11-03-2010 02:30 PM
I can spend hours on the Internet without problems, but if I read a book on my computer, my eyes bother me. I have had no problem reading with the nook. Perhaps the difference is the constant movement while I am on the internet and reading short articles and blogs. I also confess that I have old-lady-eyes.
11-03-2010 07:25 PM
I've been experimenting with some display settings on my computer and it appears you can reduce eye strain quite a bit.
Also, if I remember correctly, high resolution screens reduce eye strain because the image is smoother.
11-04-2010 12:50 AM
Yeah - I surf the internet plenty, and stare at a computer screen without too much trouble, but if I have to do "serious" reading, I need to print out what I'm doing (or read on my nook, which gives me the same effect).
When I was working as a lawyer, I could spend a good portion of my time reading and writing on the computer, but there were days that I just couldn't look at a computer monitor anymore. The "endless page" of a computer screen would also cause me to repeat things much more often when I was reading complex legal documents, and don't even get me started on editing/marking up documents - MUCH easier to do on a hard copy.
I think different devices (including old-school paper) serve different purposes and there's no reason why people shouldn't use what is best for them in any given situation. There is no "objectively" better option. The only "better" that matters is what is better for you.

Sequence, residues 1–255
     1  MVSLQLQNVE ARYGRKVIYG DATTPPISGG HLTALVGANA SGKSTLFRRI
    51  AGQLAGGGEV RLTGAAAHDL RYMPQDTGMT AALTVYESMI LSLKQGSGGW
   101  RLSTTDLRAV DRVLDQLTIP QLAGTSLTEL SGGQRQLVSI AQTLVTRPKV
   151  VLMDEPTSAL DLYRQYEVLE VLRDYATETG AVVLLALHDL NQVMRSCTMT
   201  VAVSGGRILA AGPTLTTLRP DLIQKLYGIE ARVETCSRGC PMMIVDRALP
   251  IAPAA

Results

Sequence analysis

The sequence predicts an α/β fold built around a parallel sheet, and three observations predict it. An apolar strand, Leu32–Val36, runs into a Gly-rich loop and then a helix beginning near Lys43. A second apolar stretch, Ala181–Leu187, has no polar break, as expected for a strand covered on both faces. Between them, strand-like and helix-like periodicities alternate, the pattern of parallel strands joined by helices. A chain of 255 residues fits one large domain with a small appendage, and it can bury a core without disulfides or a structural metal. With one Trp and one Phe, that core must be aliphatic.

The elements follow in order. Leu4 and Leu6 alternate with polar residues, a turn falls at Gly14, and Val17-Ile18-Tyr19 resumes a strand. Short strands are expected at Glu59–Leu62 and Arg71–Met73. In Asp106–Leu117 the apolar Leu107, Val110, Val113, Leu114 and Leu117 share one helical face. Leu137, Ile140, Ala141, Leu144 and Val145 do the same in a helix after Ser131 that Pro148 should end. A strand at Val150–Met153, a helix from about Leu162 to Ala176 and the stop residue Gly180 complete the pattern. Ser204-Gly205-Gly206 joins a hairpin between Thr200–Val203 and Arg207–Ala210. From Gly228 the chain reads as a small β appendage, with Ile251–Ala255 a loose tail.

Heck, when I was in law school a dozen years ago, I was one of only a few people in class who would type my notes (now everyone does it), because I type faster than I write, but I can't even imagine not using e-textbooks over hardback legal textbooks - my textbook margins are just FILLED with briefing notes, and the text is highlighted in 4 different colors. and the post-it tabs! everywhere! I just can't imagine replicating that in an e-book.
11-04-2010 11:02 PM
It is - to an extent - psychosomatic (people are used to older CRT-based screens hurting their eyes and they "know in their gut" that the LCD screens do too).
Having said that, the primary reason LCD screens cause strain is because they are frequently misused by not having a proper light source while viewing them. People use the screen's backlight as their primary light source (reading in the dark for example - I was a big offender in this sense). E-ink forces you to have proper lighting (since there's no backlight) and saves you some eye strain.
Ouch. I can't read on a backlit screen for long, and I never use it as the primary light source in a dark room. I have to turn on a light.